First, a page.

The Atlantic’s Goldberg suggests that instead of contributing to JNF, concerned donors should consider victims of the fire such as the Yemin Orde orphanage near Haifa, which was severely damaged in the fire.

JNF CEO Russell Robinson, said Goldberg’s assertion that the government should go it alone “shows a complete lack of understanding and ignorance.

“The same could be said about the U.S. and [Hurricane] Katrina or special campaigns for floods or mudslides or wildfires in Montana or 9/11. That means we should only be dealing with things for which are prepared?”

Malcolm Hoenlein, executive vice chairman of the Conference of Presidents of Major American Jewish Organizations, noted on Tuesday the difference between the government of Israel asking for money, which it has not done, and supporters of the Jewish state wanting to show solidarity through checkbooks and donation boxes.

“This is a response by a Jewish community that feels they want to help,” said Hoenlein. “There are legitimate internal questions that have to be addressed about how much infrastructure they have and how the response was delayed. But it’s very hard for any country to have the capacity to handle something they haven’t experienced before. To sustain the fleet of airplanes you need [to fight forest fires] is difficult for any country.”

“People are distorting this as some sort of embarrassment that the country feels they have to appeal for help.”

In an interview on Tuesday, Goldberg said that while the government has not directly asked for donations, “it doesn’t have to have its hand out because it knows the JNF will get diaspora Jews to [donate] so they can waste money on whatever they waste money on.”

He said since his initial blog post he has heard from supportive Israelis who also oppose what Goldberg calls “schnorring” for fire equipment funds.

“They’re big boys in the Israeli government,” said Goldberg. “They’ve had years of incompetence on this issue. The air force got out of the fire suppression business 10 years ago. Are you a ‘startup nation’ or not?”

He was referring to a book by Dan Senor and Saul Singer subtitled “The Story of Israel’s Economic Miracle.”

In a blog linked to Goldberg’s, Yaacov Lozowick, a Jerusalem historian, noted that given the magnitude of the drought-fueled flames as they raced through the forest, it is not likely that any level of preparation would have made a significant impact. Still, Lozowick noted that “Israel is a sovereign country with a functioning state, and we’ll deal with whatever needs to be dealt with. Lost lives are lost forever, but all the other parts of the story will be fixed; even the charred forest will eventually recover, though it may take a generation.”

Donations, he said, are better sent to earthquake relief in Haiti or flood relief in Pakistan.

But even as the last embers smolder, there are no signs of the fundraising abating, as Jewish organizations here open their hearts and wallets to help Israel, often in the spotlight for helping other countries in their times of need, cope with its own large-scale disaster.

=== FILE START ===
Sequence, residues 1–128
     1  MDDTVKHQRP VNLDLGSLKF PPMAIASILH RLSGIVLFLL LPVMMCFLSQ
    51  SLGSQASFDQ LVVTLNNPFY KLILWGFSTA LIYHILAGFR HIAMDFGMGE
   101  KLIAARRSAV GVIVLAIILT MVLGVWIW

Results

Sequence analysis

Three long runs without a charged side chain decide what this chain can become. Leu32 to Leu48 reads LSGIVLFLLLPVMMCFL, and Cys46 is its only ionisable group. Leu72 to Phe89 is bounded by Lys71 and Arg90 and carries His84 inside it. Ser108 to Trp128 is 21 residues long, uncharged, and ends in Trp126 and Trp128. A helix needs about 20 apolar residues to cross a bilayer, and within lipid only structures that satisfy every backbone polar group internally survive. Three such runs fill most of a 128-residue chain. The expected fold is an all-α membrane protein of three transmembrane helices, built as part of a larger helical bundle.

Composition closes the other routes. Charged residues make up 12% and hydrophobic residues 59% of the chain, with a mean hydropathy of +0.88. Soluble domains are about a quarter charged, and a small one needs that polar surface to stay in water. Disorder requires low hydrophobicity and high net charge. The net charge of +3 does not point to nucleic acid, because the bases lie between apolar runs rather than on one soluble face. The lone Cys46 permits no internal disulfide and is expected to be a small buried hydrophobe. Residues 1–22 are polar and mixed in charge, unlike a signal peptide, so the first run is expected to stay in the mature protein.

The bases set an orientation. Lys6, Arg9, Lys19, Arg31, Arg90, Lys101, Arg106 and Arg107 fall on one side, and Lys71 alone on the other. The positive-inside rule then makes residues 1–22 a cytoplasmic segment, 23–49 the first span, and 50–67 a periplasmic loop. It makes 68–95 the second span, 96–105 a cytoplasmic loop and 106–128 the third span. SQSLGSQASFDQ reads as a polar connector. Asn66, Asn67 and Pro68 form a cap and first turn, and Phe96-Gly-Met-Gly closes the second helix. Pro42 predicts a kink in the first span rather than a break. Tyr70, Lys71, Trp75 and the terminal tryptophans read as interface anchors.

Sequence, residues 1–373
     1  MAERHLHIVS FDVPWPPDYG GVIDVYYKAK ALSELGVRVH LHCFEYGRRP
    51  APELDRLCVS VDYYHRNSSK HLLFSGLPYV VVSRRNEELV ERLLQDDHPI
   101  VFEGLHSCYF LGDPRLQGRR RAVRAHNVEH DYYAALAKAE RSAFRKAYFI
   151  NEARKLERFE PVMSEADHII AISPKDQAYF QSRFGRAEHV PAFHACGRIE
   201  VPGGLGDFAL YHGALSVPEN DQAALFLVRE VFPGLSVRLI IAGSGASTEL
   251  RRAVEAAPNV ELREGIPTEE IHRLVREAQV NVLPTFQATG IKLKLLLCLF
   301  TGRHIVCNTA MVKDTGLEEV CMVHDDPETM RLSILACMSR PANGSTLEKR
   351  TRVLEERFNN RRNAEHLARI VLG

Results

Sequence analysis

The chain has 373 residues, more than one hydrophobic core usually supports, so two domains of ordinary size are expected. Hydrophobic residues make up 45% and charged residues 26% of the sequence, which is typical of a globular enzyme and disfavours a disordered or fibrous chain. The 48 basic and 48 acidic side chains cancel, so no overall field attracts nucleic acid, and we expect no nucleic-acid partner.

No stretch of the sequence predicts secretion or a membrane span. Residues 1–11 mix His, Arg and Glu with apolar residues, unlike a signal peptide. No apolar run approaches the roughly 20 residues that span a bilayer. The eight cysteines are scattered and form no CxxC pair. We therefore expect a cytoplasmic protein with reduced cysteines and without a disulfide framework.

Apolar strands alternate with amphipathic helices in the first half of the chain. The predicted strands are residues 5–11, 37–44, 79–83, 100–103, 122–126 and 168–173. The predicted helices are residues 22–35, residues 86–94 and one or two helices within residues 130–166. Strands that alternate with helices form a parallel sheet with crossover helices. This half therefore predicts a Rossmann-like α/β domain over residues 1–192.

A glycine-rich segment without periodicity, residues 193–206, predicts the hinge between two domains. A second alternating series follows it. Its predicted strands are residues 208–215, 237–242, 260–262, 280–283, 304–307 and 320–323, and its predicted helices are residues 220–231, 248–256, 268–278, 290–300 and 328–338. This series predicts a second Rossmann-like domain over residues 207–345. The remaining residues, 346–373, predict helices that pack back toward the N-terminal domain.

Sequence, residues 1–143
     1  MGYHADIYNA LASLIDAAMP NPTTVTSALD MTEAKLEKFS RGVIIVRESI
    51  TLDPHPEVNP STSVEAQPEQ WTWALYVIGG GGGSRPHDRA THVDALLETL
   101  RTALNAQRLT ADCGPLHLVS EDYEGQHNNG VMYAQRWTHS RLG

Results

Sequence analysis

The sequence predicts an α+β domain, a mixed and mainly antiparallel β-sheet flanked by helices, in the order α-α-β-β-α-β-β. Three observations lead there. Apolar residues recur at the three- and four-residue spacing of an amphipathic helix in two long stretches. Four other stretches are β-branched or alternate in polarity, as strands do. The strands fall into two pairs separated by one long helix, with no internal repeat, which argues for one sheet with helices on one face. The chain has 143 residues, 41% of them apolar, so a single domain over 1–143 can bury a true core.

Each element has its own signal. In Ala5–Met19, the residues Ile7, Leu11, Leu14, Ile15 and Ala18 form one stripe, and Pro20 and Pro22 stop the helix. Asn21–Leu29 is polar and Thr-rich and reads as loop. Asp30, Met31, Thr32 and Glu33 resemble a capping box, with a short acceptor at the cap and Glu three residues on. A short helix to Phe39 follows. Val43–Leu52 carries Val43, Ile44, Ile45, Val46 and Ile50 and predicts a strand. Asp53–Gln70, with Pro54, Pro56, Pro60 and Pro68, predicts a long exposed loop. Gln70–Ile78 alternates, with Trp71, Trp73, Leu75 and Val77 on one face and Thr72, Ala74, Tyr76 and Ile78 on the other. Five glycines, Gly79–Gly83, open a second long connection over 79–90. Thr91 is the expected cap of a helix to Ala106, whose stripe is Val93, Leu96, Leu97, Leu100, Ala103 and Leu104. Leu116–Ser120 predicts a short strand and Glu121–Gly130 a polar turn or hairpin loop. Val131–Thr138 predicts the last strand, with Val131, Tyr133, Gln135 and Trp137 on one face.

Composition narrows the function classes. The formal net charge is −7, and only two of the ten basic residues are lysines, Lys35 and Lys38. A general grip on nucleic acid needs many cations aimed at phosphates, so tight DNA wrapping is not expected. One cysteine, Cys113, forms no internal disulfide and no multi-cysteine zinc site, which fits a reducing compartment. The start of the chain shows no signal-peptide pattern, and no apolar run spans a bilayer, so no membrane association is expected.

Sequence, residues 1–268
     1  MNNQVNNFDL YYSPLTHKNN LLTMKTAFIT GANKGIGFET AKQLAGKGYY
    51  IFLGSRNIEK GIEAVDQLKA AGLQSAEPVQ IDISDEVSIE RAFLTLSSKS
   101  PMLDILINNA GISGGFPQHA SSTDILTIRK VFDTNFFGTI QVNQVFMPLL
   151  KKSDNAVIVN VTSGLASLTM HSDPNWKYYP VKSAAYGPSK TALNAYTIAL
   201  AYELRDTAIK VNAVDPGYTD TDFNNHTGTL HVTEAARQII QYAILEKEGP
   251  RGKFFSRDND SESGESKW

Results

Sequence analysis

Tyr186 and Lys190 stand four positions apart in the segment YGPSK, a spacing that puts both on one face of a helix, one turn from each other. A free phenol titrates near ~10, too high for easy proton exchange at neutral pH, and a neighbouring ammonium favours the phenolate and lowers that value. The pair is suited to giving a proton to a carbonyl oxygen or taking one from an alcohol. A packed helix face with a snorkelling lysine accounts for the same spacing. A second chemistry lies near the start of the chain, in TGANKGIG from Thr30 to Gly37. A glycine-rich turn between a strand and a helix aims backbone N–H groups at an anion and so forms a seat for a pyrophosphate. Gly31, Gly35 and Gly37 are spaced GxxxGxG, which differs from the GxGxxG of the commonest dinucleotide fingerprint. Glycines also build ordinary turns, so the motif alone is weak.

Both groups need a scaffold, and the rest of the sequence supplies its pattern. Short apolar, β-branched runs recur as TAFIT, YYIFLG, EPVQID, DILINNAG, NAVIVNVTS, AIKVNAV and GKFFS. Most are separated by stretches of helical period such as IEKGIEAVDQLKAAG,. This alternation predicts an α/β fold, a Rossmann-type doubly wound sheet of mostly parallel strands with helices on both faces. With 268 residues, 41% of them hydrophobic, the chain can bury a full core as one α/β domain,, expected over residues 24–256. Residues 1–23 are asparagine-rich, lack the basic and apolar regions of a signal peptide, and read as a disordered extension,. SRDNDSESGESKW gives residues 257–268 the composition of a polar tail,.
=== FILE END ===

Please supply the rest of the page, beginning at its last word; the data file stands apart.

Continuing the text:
Funds have been established by the Jewish Federations of North America, American Jewish Committee and the American Jewish Joint Distribution Committee. AJC said on Tuesday it will make an initial donation of $100,000 from its Israel Emergency Assistance Fund and will sponsor tree-planting ceremonies for ambassadors of countries that helped quench the flames, including Azerbaijan, Britain, Bulgaria, Canada, Croatia, Cyprus, Egypt, France, Greece, Holland, Italy, Jordan, Romania, Russia, Spain, Switzerland, Turkey and the U.S.

J Street, the pro-peace-process lobby, announced on Monday a $10,000 donation to match an additional $10,000 the lobbying group will raise to help rebuild damaged communities in the north. “Many of us have spent considerable time in the north — hiking, living, and exploring a lush and fascinating part of Israel — and some of us have family and friends affected directly by the fires,” said the Washington-based organization in an e-mail. “We want to do our part.”

The Orthodox Union and National Council of Young Israel each called on their member congregations to help. The OU established its own fund, the OU-Forest Fire campaign, while Young Israel will collect funds for the Israel Trauma Coalition, an organization formed to help communities in the north affected by missile attacks during the 2006 war against Hezbollah. The coalition partners with more than 60 organizations to deliver services. Both the OU and Young Israel promised to absorb administrative costs to enable 100 percent of donations to go to Israel.

Also pitching in is the American fundraising arm for the University of Haifa, which established an emergency appeal with a multi-million dollar goal to provide humanitarian support to the university community. “Our students and faculty live in the communities threatened and devastated by the fire and the campus itself is vulnerable,” said Aaron Ben-Ze’ev, the university’s president.

Goldberg said he personally donated to the Jewish Federation of North America emergency fund and plans to go to Israel in two weeks with his family in search of a volunteer opportunity.

“I feel this very deeply,” he said. “And it’s because I feel it so deeply that I’m pissed off.”